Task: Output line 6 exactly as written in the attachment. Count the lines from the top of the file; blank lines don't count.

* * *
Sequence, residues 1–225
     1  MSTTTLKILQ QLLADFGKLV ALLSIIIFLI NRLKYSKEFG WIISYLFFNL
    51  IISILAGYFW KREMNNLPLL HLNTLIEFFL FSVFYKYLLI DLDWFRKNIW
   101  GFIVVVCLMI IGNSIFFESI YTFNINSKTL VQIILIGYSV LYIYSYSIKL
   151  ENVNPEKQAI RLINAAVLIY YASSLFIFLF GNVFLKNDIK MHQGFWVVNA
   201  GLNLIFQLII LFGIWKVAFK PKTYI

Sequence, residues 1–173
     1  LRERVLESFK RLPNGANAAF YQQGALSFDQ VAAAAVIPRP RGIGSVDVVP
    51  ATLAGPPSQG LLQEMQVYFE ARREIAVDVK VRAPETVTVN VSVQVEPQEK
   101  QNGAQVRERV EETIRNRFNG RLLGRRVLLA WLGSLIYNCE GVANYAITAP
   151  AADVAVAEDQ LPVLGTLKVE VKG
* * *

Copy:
   201  GLNLIFQLII LFGIWKVAFK PKTYI